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Pentagram

‘The Room of Change’

Exhibition Design, Data Visualization

Data tapestries chronicle world changes in a commissioned installation for the Milan Design Triennial.

Just as a photograph captures a moment in time, data represents real life and offers a snapshot of the world. Before joining Pentagram, partner Giorgia Lupi and her team at Accurat were commissioned to create The Room of Change, an original piece for the XXII International Exhibition of La Triennale di Milano in 2019 that documents global changes over thousands of years and looks ahead to the future in a series of colorful data tapestries.

Positioned in the opening gallery of the exhibition, the immersive installation introduces the Triennial theme, Broken Nature: Design Takes on Human Survival, highlighting the concept of restorative design and exploring the threads that connect humans to their natural environments. Curated by Paola Antonelli, the Triennial features more than 100 works by designers, architects and artists representing 40 countries.

Wrapping around the walls, the 100-foot-long data murals illustrate how multiple aspects of our environment have evolved and will likely continue to change, pulling together many streams of information—world population, disease rates, energy consumption and average temperatures—that address many of the topics presented in the exhibition. From left to right, time flows on the wall through abstract visual patterns, covering our past, present and future.

The data represented begin in 1000 B.C. and run into a speculative future ending in 2400, echoing some of the exhibition’s overall aims. Each horizontal band depicts the evolution over time of one single story of change, told through a combination of data sets on the topic, while each vertical section of the wall is a picture of a precise moment in time.

Along with the tapestries, the room hosts two large screens showing a selection of NASA’s “Images of Change,” before-and-after satellite pictures representing the effects of melting glaciers, urban sprawl and other developments over the past two decades. The designers wanted the data murals to complement the bigger scale of the NASA projections with a story about change that could be relatable. The guiding principle was the idea that most of the change we experience is only shown to us from far away and high above, when in reality it is made up of incremental moments. 

The Room of Change combines several different data sources, depicting the world from both global and local-individual perspectives. The murals layer dense and granular information within the narration to highlight how change is pervasive at all scales. Information is organized around eight macro topics or themes—nature, the universe, the animal kingdom, society, hope, happiness, science and technology. These are all related to humankind, but also reveal consequences that oftentimes affect us and other species simultaneously.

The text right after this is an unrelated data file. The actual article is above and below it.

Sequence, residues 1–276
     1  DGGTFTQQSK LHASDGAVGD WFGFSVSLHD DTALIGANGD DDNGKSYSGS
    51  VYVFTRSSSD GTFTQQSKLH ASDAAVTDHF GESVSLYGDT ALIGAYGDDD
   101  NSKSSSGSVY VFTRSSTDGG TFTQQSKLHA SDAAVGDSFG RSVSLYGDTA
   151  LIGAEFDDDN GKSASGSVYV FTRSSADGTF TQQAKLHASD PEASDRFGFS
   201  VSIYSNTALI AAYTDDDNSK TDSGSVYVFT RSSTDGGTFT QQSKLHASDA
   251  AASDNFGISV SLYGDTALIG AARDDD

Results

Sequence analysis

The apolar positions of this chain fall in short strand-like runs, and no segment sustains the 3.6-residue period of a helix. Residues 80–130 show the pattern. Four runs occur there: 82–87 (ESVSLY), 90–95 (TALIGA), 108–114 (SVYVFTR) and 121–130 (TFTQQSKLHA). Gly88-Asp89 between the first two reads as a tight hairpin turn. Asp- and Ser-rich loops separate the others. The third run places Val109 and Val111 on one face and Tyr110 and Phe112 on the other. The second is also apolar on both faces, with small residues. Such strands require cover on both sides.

Each topic is represented with a different visual pattern comprised of colored stripes and symbols, and at first glance, a visitor might not even realize that data is the organizing principle of the motif. The wallpaper creates an intricate morphing pattern that reveals the importance of a perpetual interplay of scales and dimensions when assessing change, and illustrates the evolution of many recurring themes of the exhibition.

The changes are illustrated through a number of global data sets (world population, average temperatures, disease rates, energy consumption, etc.) to frame large-scale phenomena with broad strokes as well as single and specific stories that will directly or indirectly represent the micro consequences (such as the disappearing Aral Sea, the dip in life expectancy in Cambodia during the civil war, the quick shift in South Korean exports from agricultural products and commodities to high tech, and more).

A legend accompanying the installation explains the global framework and how to read the individual stories. Placed on a pedestal at the center of the room, the guide invites visitors to discover the changes from a panoramic perspective, where they may be navigated in the same way one would look at a mountain range with the help of a map.

Office
New York
Partner
Giorgia Lupi
Project team
Accurat
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